By: Daniel Farina | Updated: 2017-02-09 | Comments | Related: More > SQL Server on Linux
Now that SQL Server is available on Linux, many companies may start to use a Linux server for testing database development due to license costs. In this tip I will show you how to move a copy of a database from Windows SQL Server to a Linux SQL Server installation.
It's a fact that companies across the globe want to reduce costs. That and the forthcoming edition of SQL Server for Linux brings us a possible scenario where non-production SQL Server databases may be running on top of Linux systems. Because of this, we must know how to move a SQL Server database from Windows to Linux.
Create a SQL Server Database Backup
The first step to copy a database to Linux is, of course, to take a backup of the database we want to move. But remember that if the database is in production you should take the backup with the COPY_ONLY option to not break the backup sequence. If you don't know about this concept I suggest you to read the SQL Server Backup Options and Commands Tutorial and the following tip COPY_ONLY Backups with SQL Server in order to know more.
Copying SQL Server Backup Files to Linux
The most common way to move files into Linux is with Secure Copy (also known as SCP). It is based on the Secure Shell (referred to as SSH) protocol. For us who are used to the Windows GUI, I suggest you use the open source program WinSCP, which can be downloaded for free at this URL: https://winscp.net/eng/download.php.
When you start WinSCP it shows a login screen like the image below, asking you for the connection details.
After successfully logging in, the program shows two panels the file and folder structure of the current machine (on the left) and the remote server (on the right). To copy a file is as easy as dragging the file from the local file system panel to the remote file system panel. I am using my home folder on the remote system to copy the backup file.
Restoring the SQL Server Database on a Linux Server
Now that we have the backup file on our Linux server, it's time to restore the database. Let's check the contents of the backup file.
USE master GO RESTORE FILELISTONLY FROM DISK = '/home/daniel/AdventureWorks2012.bak'
As you can see on the image below, the database contains one data file and one log file named AdventureWorks2012_Data and AdventureWorks2012_Log respectively.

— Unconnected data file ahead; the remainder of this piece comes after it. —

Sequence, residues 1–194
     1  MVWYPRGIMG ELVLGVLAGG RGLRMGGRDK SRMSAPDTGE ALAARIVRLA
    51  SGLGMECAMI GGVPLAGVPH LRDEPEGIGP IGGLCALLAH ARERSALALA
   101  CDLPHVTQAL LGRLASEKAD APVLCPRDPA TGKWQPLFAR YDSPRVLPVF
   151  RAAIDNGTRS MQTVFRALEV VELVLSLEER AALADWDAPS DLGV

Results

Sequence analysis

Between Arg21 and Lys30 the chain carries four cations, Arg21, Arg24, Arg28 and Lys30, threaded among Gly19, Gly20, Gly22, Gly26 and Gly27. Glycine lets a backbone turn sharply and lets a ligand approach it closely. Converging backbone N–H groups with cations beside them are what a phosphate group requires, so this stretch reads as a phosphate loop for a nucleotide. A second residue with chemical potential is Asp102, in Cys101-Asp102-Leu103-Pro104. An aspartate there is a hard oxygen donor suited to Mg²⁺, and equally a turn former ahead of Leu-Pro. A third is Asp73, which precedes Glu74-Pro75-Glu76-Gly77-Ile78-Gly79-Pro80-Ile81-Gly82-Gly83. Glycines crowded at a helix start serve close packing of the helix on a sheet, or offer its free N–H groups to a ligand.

If you take a look at the PhysicalName column from the result, you will see that it is represented as a Windows path. This means that we must restore the database using the WITH MOVE option; otherwise we will get an error message telling us that the Directory lookup has failed as shown below.
I will restore the database to the default SQL Server data location which is /var/opt/mssql/data using the WITH MOVE option.
USE master; RESTORE DATABASE AdventureWorks2012 FROM DISK = '/home/daniel/AdventureWorks2012.bak' WITH MOVE 'AdventureWorks2012_Data' TO '/var/opt/mssql/data/AdventureWorks2012.mdf', MOVE 'AdventureWorks2012_Log' TO '/var/opt/mssql/data/AdventureWorks2012.ldf', STATS = 10
The next is a screen capture showing that we have successfully restored the database, and in this case the database was upgraded to the latest version.
Attaching a SQL Server Database
To attach a database on a SQL Server instance running on Linux is not much different. After copying the mdf and ldf files to the Linux server to the SQL Server data location which is /var/opt/mssql/data we must grant ownership of the files to the SQL Server user account, usually mssql. To change ownership we must use the chown command as root.
I have copied two files of a database named DBA (DBA.mdf and DBA_log.ldf) to the location /var/opt/mssql/data. In order to change ownership of those files to the SQL Server user account I have to run the following command.
Chown mssql:mssql /var/opt/mssql/data/DBA*
The mssql:mssql on the command represents the user and group to grant ownership, the rest is the file names (notice that I have used a wildcard DBA*).
Also we need to grant read and write permissions on the files to the SQL Server user account. We do so with the chmod command.
chmod u=+rw,g=+rw,o=-rw /var/opt/mssql/data/DBA*
The previous statement grants read and write permissions to the owner and to the group the owner belongs and removes permissions to the rest of the users.
After completing the previous step I am able to attach the database the way we normally do.
USE master; CREATE DATABASE DBA ON PRIMARY (FILENAME = '/var/opt/mssql/data/DBA.mdf'), (FILENAME = '/var/opt/mssql/data/DBA_log.ldf') FOR ATTACH
- Check out more SQL Server 2016 tips
- You can browse the SQL Server Backup tips category to learn more about how to protect your databases.
- On the following tip you can get a deeper description about attaching a database: Attach Sample Database - Adventureworks in SQL Server 2012.
- Learn how to install SQL Server vNext on a Mac: Run SQL Server vNext (CTP1) as a Docker Container on a Mac.
- Stay tuned for more SQL Server on Linux Tips.
Last Updated: 2017-02-09
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